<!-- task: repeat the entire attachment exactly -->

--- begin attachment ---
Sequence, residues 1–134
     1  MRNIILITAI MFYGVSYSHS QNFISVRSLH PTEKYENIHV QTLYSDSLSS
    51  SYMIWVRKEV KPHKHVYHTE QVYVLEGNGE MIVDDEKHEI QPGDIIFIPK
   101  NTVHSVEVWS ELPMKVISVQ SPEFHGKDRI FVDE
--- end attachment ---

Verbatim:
Sequence, residues 1–134
     1  MRNIILITAI MFYGVSYSHS QNFISVRSLH PTEKYENIHV QTLYSDSLSS
    51  SYMIWVRKEV KPHKHVYHTE QVYVLEGNGE MIVDDEKHEI QPGDIIFIPK
   101  NTVHSVEVWS ELPMKVISVQ SPEFHGKDRI FVDE